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Fostering America’s Small Employers

SBA.gov op-ed logoThe economy added 211,000 jobs in November, 2015, marking the strongest three years of job creation since 2000 with 8.1 million jobs added. Our businesses have now added 13.7 million jobs over 69 straight months, extending the longest streak on record.

These records are possible thanks to America’s small businesses. Small businesses create nearly two out of three net, new jobs and account for almost half of America’s private nonfarm GDP. Besides being the force behind our economy, they are the unique fabric of our communities.

Recently, the Ewing Marion Kauffman Foundation published a Main Street Entrepreneurship Index. It compares entrepreneurship rates among different demographic groups in all 50 states and America’s 40 largest metro hubs. If we want Main Street small businesses to flourish, we need to know where they stand. The Kauffman Index allows us to see which cities and states have fostered the right conditions for growth.

According to the Kauffman Index, small business activity is on the rise in 49 of the 50 U.S. states and 38 of the top 40 largest metropolitan areas this year. Efforts like the Kauffman Index provide a roadmap for state and local officials seeking to foster a climate for small business growth. I find this information extremely useful for our Southeastern small business communities.

Other valuable takeaways in the report:

  • In 2015, the index experienced the second-largest year-over-year growth in more than two decades;
  • Businesses owned by women, minorities, and immigrants are increasing;
  • The number of small business owners with college degrees is increasing, from 34% in 1997 to 39% today;
  • Despite the dynamic leadership potential of our Millennials and veterans, young entrepreneurs (ages 20-34) and veteran-owned firms are actually declining.

Several specific SBA initiatives target areas of concern identified by the Kauffman Index. SBA launched the My Brother’s Keeper Millennials Initiative to promote youth entrepreneurship in the nation’s underserved communities. We are partnering with community colleges to expose young people to innovative pathways to start a business, and we’re promoting a Business Smart toolkit to train nonprofits and faith-based organizations to teach financial literacy.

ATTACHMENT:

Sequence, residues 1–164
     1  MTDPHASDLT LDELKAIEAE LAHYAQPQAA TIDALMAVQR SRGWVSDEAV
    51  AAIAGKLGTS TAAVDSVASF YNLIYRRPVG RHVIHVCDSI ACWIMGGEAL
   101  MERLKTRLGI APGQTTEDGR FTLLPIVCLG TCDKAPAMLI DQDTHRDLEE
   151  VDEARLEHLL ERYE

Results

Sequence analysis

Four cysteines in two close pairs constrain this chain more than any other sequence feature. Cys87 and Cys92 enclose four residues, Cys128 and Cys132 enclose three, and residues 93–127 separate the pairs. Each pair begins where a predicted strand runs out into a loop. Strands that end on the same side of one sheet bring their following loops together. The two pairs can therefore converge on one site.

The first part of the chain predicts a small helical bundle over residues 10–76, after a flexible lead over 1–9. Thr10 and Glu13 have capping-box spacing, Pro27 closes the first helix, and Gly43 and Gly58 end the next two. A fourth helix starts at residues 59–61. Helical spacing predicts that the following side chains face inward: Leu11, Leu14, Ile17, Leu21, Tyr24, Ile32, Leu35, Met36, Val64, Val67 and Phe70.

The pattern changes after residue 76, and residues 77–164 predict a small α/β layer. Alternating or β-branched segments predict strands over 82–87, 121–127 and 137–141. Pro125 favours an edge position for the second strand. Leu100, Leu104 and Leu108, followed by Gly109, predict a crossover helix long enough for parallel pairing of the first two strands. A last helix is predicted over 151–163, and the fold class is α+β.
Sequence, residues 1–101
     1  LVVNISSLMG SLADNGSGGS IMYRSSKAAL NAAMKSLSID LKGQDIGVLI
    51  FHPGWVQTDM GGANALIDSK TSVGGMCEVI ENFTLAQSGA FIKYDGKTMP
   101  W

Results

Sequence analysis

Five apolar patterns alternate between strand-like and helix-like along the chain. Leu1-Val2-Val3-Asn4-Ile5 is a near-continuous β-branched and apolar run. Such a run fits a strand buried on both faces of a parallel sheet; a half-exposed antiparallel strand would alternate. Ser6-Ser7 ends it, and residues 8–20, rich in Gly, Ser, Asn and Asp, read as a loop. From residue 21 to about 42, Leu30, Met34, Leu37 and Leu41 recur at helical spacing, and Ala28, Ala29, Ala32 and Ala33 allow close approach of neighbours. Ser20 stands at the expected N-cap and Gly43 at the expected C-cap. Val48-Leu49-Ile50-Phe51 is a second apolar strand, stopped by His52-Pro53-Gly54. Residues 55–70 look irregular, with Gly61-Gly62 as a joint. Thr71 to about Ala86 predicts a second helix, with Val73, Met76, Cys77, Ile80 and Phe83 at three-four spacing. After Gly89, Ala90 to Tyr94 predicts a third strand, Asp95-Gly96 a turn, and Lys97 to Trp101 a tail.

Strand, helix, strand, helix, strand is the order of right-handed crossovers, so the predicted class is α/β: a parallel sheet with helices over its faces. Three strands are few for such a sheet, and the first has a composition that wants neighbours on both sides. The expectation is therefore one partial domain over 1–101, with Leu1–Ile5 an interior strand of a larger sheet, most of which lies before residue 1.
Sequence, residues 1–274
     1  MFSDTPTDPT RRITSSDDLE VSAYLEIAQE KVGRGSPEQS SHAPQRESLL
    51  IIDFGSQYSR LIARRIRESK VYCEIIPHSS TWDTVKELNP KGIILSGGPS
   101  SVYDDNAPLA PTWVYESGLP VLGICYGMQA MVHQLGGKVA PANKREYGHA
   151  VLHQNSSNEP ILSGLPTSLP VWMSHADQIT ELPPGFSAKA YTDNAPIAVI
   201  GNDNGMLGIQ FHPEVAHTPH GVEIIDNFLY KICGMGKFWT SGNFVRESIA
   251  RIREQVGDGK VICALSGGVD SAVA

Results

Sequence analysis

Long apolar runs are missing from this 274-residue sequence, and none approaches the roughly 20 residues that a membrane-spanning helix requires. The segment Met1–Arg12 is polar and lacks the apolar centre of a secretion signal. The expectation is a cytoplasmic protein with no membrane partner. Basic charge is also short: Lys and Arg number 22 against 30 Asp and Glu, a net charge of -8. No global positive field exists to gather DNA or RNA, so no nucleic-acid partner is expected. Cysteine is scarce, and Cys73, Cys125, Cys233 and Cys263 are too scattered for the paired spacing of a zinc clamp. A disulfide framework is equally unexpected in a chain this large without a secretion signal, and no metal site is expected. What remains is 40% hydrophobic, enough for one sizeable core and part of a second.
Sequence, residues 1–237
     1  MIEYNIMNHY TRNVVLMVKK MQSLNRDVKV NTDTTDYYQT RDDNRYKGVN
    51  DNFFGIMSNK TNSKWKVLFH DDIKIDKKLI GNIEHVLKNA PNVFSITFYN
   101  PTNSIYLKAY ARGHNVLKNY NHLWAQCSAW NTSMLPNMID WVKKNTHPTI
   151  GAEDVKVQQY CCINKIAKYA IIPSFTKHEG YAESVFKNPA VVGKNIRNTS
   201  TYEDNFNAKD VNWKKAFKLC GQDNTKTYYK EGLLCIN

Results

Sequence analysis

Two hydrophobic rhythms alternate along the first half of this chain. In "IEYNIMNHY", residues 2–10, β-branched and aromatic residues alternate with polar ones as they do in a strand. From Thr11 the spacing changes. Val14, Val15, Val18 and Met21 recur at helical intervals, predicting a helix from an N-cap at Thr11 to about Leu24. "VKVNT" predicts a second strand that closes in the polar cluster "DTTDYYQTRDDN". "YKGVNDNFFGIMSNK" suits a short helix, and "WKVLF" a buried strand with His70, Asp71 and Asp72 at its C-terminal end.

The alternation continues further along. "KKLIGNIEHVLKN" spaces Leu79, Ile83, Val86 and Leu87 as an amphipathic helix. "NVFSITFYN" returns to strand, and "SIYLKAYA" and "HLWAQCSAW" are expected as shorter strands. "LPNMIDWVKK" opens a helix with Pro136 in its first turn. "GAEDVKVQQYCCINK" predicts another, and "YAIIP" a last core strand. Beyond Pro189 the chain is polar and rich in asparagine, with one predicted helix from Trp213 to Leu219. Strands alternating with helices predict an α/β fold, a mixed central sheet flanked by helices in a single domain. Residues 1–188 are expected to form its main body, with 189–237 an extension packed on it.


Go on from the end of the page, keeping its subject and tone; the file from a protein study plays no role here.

SBA’s Boots to Business initiative gives post-9/11 transitioning service members a tutorial on the basics of business ownership. The program is now active at more than 180 military installations worldwide and has introduced 32,000 service members and spouses to potential careers in entrepreneurship as they rejoin the civilian workforce. We also launched Boots to Business: Reboot to open up this innovative curriculum to veterans of every era.

SBA is partnering with cities on Startup in a Day to create an easy-to-use online tool that allows entrepreneurs to apply for all licenses and permits needed to start a business in less than a day.

Working with our resource partners in communities across this nation, SBA manages the world’s largest network of free small business advisers. We’ve also eliminated borrower and bank fees on small-dollar loans, so more Main Street entrepreneurs can get the working capital they need to hire and grow. Last year, SBA achieved record lending of $23.5 billion under our flagship 7(a) loan program, with loans up 18% for women, 23% for minorities, and 101% for veterans.

The North Florida District experienced an almost 40% increase in the number of loans 7(a) loans in FY2014 from 627 loans worth $344 million to 877 loans worth $420 million FY2015. The district increased lending for Veterans from FY2014 to FY2015 by 122%, from $16 million to $37 million. The increase is attributed to the Veterans Advantage Initiative, which reduced all upfront fees to zero for veterans on loans up to $350,000 in FY2015. The initiative will continue in FY2016 for loans under $150,000 and will be reduced by 50% for loans greater than that.

Helping more Americans start and grow Main Street businesses is a core mission of the SBA. We hope you reach out to jumpstart and scale up your small business. Check out sba.gov/local for your nearest SBA local office.

By Cassius F. Butts, Regional Administrator

U.S. Small Business Administration

 

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